thumbnail
Figure 3. Comparison of pocket occupancy between c-Src/Imatinib and c-Src/Ruxolitinib structures.

(A) Pocket occupancy of Imatinib in the c-Src/Imatinib complex (pdb: 2OIQ). C-Src structure is shown in cartoon, colored in magenta. Imatinib is shown in sphere. (B) Pocket occupancy of Ruxolitinib in the c-Src/Ruxolitinib complex (this work). C-Src structure is shown in cartoon, colored in yellow. Ruxolitinib is shown in sphere.

http://dx.doi.org/10.1371/journal.pone.0106225.g003

Most kinase inhibitors are ATP-competitive and belong to type I inhibitors. The ATP-binding pocket is conserved among members of the kinase family. In addition to the ATP-binding pocket, type II inhibitor binds a less-conserved additional pocket. Type II inhibitor acts by inducing a conformation change such that the kinase is no longer able to function. It is proposed that type II inhibitor could achieve better selectivity. Nonetheless, biological efficacy, especially clinical efficacy, will be the ultimate arbiter.

Comparison of binding pockets in Src and JAK

Ruxolitinib is a Janus kinase inhibitor, with reported IC50 values of 2.8 nM for JAK2, 3.3 nM for JAK1, 19 nM for TYK2, and 428 nM for JAK3[18]. Lck, a Src family kinase, is inhibited by Ruxolitinib with a reported IC50 value of 3.6 uM[19]. Using kinase assays, we found that Ruxolitinib inhibited c-Src with an IC50 of 2.92 uM (Table S1). Therefore, Src kinases are inhibited by Ruxolitinib to a much lesser extent than JAK kinases. The sequence identity between Src and JAK family kinases is ∼34% in the kinase domain (Figure 4A & 4B). Besides the fact that JAK kinases have several extra stretches of amino acids (Figure 4A, highlighted in green box), We identified several other key differences between Src kinase family and JAK kinase family. Thr338, the gatekeeper residue in c-Src, is replaced with Met in the JAK family; Met 341 of c-Src, the residue forming two hydrogen bonds with Ruxolitinib, is substituted with Leucine in the JAK family (Figure 4A).

thumbnail
Figure 4. Sequence alignment of LCK, HCK, c-SRC, JAK1, JAK2 and JAK3 kinase domains.

The conserved DFG motif is highlighted in blue box; the gatekeeper residue is highlighted in red box; residue corresponding to Met341 in c-Src is highlighted in purple box; several extra stretches of amino acids are highlighted in green box.

http://dx.doi.org/10.1371/journal.pone.0106225.g004

We then superimposed our structure with a JAK1 structure (pdb: 3EYG)[29]. Both kinase domains share a similar overall structure with a RMSD of 2.92 Å. The P-loop of JAK1 is closer to the C-lobe, leading to a tighter pocket, compared to that of C-Src (Figure 5A). We then used POCASA [30] to analyze the ligand-binding pockets of c-Src (our structure) and JAK1 (pdb code: 3EYG). JAK1 has a smaller pocket with a volume of 311 Å3, while c-Src has a bigger pocket with a predicted volume of 450 Å3 (Figure 5B & 5C).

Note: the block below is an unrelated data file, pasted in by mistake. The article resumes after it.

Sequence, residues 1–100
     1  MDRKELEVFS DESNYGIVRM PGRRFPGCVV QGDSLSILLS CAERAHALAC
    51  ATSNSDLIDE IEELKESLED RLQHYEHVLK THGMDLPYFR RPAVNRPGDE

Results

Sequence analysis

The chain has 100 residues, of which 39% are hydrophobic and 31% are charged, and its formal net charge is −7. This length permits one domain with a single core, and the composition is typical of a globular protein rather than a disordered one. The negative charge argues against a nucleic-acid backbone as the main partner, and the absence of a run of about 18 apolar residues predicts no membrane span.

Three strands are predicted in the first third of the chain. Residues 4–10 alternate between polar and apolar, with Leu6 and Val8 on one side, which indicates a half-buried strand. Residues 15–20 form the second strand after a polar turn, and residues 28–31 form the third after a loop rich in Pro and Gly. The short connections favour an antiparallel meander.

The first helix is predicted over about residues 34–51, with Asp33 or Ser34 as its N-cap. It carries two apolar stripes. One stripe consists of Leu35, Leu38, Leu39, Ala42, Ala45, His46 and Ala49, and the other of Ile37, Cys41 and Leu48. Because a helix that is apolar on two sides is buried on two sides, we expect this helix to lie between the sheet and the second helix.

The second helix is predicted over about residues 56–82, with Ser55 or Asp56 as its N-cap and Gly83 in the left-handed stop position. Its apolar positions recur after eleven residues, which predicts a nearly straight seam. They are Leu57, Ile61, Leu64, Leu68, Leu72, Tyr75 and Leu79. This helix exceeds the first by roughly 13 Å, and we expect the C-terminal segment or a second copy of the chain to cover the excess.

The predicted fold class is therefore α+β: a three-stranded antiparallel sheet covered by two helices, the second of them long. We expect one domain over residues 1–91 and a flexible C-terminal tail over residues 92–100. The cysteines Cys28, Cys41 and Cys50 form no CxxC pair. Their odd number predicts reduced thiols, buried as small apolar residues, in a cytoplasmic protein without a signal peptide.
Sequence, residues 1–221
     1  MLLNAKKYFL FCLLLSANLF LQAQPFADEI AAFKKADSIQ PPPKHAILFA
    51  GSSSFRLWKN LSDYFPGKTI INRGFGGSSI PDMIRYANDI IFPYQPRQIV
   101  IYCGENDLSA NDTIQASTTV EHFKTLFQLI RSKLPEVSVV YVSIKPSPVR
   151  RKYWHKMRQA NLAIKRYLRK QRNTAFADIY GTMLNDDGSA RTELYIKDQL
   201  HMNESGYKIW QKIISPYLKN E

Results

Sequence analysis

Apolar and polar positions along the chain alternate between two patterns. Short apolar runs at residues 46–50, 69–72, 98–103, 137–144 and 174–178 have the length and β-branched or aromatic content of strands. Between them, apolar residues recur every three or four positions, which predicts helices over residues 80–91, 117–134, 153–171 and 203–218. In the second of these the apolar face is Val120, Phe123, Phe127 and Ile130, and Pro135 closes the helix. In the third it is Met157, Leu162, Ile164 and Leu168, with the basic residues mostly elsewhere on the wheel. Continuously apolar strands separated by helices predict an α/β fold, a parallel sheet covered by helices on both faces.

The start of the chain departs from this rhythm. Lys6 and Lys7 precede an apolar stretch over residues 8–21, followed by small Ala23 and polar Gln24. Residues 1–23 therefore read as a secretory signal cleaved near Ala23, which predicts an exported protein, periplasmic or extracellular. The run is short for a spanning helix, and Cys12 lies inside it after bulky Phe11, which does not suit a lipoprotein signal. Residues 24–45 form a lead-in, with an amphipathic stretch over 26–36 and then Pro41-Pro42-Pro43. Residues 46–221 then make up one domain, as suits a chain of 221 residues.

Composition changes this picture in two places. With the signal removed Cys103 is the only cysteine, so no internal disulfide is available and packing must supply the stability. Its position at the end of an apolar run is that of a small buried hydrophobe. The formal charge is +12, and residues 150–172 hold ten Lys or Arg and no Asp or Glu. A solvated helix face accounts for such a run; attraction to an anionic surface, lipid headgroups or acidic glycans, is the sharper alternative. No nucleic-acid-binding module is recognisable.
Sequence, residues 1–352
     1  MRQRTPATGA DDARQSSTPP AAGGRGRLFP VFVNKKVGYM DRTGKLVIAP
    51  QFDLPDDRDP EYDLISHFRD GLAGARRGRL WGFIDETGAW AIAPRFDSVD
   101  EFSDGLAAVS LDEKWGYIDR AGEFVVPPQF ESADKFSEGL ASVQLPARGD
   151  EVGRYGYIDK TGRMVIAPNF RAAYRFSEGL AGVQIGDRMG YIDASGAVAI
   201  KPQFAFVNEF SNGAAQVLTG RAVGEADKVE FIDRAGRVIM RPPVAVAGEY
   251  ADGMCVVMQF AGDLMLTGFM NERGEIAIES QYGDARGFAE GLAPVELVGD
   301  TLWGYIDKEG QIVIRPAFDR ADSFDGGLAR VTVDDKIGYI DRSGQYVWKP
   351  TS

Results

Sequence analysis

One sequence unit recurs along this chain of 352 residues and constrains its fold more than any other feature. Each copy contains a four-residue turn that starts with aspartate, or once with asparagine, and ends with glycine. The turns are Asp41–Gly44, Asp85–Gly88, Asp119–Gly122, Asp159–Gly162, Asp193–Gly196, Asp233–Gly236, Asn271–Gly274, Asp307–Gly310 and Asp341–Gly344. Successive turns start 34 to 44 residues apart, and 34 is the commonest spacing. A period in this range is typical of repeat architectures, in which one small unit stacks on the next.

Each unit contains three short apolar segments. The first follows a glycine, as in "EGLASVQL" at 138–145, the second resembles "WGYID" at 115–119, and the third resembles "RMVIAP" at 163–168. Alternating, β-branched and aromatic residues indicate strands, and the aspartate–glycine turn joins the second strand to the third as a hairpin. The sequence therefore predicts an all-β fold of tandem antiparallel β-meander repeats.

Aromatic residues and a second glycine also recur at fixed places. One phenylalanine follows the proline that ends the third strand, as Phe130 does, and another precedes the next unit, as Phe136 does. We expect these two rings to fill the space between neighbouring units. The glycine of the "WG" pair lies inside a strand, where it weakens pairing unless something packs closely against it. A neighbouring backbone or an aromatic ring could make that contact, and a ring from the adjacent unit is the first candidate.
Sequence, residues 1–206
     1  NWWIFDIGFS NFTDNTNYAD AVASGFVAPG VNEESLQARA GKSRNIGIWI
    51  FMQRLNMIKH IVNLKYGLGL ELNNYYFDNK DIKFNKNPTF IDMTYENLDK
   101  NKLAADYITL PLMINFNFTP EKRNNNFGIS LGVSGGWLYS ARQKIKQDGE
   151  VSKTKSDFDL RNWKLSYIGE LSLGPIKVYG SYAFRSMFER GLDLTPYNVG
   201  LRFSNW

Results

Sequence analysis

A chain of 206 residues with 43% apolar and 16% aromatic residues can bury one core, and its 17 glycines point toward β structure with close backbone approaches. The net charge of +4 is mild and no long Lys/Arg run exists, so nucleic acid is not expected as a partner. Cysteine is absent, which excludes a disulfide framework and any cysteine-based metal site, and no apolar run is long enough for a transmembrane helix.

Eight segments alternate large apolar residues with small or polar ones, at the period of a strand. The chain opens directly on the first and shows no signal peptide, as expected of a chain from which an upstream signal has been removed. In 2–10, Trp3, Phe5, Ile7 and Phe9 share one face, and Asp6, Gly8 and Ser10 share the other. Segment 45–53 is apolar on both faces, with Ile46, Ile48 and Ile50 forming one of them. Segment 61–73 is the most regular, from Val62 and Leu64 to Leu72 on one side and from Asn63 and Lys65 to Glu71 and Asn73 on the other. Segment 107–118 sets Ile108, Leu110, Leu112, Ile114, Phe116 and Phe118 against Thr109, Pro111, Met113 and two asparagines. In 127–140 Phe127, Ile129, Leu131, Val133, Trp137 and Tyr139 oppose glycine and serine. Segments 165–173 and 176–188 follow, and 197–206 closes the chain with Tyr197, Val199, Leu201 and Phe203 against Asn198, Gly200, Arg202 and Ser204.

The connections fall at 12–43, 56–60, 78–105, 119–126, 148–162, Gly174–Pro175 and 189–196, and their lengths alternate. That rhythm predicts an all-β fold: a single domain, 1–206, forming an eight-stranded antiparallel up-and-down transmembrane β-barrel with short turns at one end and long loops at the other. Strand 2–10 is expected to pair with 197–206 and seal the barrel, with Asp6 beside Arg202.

thumbnail
Figure 5. Structure comparison of c-Src and JAK1 structures.

(A) c-Src kinase domain (this work) is superimposed with JAK1 kinase domain (pdb: 3EYG) using the Ca atoms of kinase domain as the reference. c-Src is shown yellow, while JAK1 is shown in magenta. (B) Predicted c-Src ligand-binding pocket is shown in grey dots. (C) Predicted JAK1 ligand-binding pocket is shown in grey dots. Ligand-binding pocket is predicted using POCASA[30].

http://dx.doi.org/10.1371/journal.pone.0106225.g005

To better understand how Ruxolitinib differentiates these kinase families, we docked Ruxolitinib into a previously solved JAK1 structure (pdb: 3EYG)[29]. The docking result shows that Ruxolitinib only occupies the ATP-binding site, and the DFG motif is kept in DFG-in active conformation (Figure 6A), suggesting that Ruxolitinib is also a type I inhibitor for JAK1. This is consistent with previous finding using competition binding assays[5]. Ruxolitinib is orientated such that the pyrrolopyrimidine rings point toward the hinge region. Instead of forming two hydrogen bonds with Met341 in c-Src, the pyrrolopyrimidine rings form two hydrogen bonds with the main chain atoms of Glu957 and Leu959 (Figure 6B). A major difference between Ruxolitinib binding to c-Src and JAK1 lies on the orientation of the cyclopentane ring. It points toward to the C-lobe in the c-Src/Ruxolitinib complex, while points toward N-lobe when binding to JAK1 (Figure 6B). Another notable difference is that the propanenitrile group of Ruxolitinib makes contacts with JAK1, while it does not interact with c-Src (Figure S3).

thumbnail
Figure 6. Docking of Ruxolitinib in JAK1 kinase domain.

(A) Ruxolitinib was docked into the ligand-binding pocket of JAK1 (pdb: 3EYG). JAK1 kinase domain is shown in cartoon, and colored in magenta. Ruxilitinib is shown in sphere. (B) Predicted hydrogen bonds between Ruxolitinib and JAK1 hinge region. Based on docking result, the pyrrolopyrimidine rings of Ruxolitinib form two hydrogen bonds with JAK1 Glu957 and Leu959. (C) Shape complementarity between Ruxolitinib and JAK1 ligand-binding pocket. (D) Shape complementarity between Ruxolitinib and c-Src ligand-binding pocket. The predicted ligand-binding pocket is shown in grey mesh.

http://dx.doi.org/10.1371/journal.pone.0106225.g006